Rolls-Royce Boat Tail brings back coachbuilding

Rolls-Royce is returning to its coachbuilding roots, and the new Boat Tail is the first product of the company's new Coachbuild division.

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Derek Fung
Derek Fung
Journalist
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If one has ever wondered how much a custom-made road-legal luxury cruiser designed for one’s specific interests costs, the answer seems to be around $36 million.

Inspired by yachts and with an eye-watering price that’s more nautical in nature, the Rolls-Royce Boat Tail is the first custom-designed limited-run model from the company’s new Coachbuild department.

Just three Boat Tail cars will be built, each for a different client. While the vehicles share the same body design, they will be heavily customised to suit each owner.

Although the Boat Tail is 5.8 metres long, the car’s design is dominated by its long bonnet and stretched out tail. As such, interior room doesn’t look spectacular – especially for anyone sitting in the two rear seats.

Instead of a traditional boot, the Boat Tail has two wood panels hinged in the middle and which flip up from the side.

In a nod to its nautical inspiration, these panels are finished in Caleidolegno veneer and have brushed stainless steel pinstripe inlays.

Built into the boot are fold out champagne tables and a pop-out parasol.

The car also includes two fold-up stools custom made by Promemoria, and a double refrigerator including cradles for specific bottles of wine.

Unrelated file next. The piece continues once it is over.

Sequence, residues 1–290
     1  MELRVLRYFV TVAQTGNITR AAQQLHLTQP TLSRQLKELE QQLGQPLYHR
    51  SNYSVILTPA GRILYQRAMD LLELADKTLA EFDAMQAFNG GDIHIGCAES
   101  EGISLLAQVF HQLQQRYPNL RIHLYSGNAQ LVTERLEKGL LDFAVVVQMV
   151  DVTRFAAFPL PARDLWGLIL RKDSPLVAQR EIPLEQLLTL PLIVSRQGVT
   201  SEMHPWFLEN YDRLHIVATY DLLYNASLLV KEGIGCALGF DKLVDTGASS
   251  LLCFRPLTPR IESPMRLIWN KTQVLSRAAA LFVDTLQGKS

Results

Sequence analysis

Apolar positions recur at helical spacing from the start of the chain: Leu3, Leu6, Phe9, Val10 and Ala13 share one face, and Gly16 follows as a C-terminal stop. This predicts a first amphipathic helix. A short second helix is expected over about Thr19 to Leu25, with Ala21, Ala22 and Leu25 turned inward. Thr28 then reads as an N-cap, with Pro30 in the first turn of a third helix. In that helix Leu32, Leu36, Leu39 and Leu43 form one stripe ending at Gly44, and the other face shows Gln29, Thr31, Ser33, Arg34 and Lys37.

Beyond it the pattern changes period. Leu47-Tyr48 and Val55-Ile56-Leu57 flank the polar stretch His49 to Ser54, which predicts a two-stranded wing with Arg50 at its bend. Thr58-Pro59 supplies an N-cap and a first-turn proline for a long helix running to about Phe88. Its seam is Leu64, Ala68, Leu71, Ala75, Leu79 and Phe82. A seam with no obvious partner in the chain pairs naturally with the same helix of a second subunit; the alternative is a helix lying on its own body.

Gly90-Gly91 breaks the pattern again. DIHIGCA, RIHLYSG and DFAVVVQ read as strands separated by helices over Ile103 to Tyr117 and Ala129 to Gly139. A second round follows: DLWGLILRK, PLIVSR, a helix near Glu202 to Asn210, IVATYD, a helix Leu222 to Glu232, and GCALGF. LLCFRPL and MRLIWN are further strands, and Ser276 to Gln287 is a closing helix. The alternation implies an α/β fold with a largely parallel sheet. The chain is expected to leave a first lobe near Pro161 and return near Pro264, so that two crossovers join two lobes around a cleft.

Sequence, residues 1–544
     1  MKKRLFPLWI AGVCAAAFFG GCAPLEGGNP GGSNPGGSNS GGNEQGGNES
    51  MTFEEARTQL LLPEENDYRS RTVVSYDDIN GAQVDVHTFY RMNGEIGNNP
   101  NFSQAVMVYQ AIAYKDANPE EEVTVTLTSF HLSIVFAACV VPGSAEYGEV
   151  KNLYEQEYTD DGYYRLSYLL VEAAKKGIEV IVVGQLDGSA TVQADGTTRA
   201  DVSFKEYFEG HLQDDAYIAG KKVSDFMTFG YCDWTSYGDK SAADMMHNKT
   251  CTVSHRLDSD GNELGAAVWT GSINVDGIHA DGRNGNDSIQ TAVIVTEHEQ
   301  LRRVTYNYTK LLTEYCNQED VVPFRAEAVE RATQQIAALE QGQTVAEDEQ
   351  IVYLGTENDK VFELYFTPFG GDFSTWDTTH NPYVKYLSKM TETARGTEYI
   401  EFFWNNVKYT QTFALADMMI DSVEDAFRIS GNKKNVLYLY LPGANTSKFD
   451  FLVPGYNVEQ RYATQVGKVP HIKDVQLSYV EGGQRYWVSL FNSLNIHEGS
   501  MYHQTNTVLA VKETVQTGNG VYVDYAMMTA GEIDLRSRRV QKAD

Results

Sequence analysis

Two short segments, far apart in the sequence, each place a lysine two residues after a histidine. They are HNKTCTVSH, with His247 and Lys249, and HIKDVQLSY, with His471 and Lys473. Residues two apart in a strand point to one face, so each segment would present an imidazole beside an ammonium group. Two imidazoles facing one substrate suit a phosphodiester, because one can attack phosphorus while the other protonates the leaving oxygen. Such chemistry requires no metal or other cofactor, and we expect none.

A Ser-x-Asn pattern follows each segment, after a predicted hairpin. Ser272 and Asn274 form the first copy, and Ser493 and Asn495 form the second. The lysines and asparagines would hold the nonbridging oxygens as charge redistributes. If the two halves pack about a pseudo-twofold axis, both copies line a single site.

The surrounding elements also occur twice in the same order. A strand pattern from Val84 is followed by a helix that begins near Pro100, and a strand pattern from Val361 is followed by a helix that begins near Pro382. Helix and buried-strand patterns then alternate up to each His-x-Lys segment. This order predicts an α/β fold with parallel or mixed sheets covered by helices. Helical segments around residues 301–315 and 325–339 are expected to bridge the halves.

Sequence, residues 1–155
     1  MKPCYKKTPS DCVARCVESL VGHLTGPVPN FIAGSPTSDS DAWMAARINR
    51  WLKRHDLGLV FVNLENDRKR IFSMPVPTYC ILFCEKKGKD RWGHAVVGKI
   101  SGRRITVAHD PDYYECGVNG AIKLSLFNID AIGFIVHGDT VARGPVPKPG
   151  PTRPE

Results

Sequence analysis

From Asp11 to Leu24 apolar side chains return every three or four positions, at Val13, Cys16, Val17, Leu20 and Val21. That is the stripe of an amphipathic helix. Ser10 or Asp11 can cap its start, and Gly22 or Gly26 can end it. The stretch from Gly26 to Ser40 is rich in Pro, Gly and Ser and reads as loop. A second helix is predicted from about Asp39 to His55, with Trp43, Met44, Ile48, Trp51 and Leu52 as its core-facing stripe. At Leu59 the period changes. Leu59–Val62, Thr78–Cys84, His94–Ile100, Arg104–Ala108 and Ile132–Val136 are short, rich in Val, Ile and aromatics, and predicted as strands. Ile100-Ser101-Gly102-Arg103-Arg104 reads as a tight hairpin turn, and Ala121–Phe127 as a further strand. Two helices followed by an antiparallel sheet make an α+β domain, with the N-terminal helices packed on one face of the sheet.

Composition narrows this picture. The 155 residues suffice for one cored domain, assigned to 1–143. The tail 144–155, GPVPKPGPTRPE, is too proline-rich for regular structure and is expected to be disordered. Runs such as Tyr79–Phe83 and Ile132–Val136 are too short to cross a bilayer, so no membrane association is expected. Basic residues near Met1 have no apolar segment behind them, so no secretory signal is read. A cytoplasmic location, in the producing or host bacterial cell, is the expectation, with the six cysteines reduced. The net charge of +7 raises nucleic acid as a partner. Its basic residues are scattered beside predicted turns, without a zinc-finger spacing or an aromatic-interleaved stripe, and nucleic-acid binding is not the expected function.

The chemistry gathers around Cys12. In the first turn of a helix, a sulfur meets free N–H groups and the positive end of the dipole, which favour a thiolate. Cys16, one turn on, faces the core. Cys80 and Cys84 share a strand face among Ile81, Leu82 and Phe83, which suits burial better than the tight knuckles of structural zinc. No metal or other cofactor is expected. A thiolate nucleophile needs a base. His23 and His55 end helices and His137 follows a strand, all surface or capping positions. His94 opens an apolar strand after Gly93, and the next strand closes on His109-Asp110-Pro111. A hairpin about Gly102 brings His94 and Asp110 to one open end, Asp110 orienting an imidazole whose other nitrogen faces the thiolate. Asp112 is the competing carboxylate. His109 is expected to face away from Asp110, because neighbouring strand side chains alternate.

In order to ensure that “food, liquids and of course champagne” stored in the boot are still fresh upon arrival, the boot includes two fans to help dissipate heat.

For weather protection the Boat Tail comes with a temporary tonneau cover, as well as manually-fitted fixed canopy roof with a flying buttress-style design.

Inside the cabin, the Boat Tail’s dashboard seems a little closer to regular Rolls-Royce models, but it does feature a Bovet 1822 clock and dials decorated with Guilloché trim.

In a prepared statement Torsten Müller-Ötvös, Rolls-Royce CEO, described the Boat Tail as “four-year collaboration with three of our most special clients” rather than a “concept created to be retrospectively sold”.

It’s not known how much each of the three Boat Tails cost, but according to Autocar the price tag may be as high as £20 million ($36 million). At the very least it’s thought exceed the custom-built £10 million ($18 million) 2017 Sweptail.

Müller-Ötvös said the luxury automaker was making coachbuilding “a permanent fixture within our future portfolio”.

The new Rolls-Royce Coachbuild department is “return to the very roots of our brand”, and will see the company work with its “closest clients” to create “ambitious, personal statements of true luxury”.

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Derek Fung
Derek Fung
Derek Fung is a Journalist at CarExpert.
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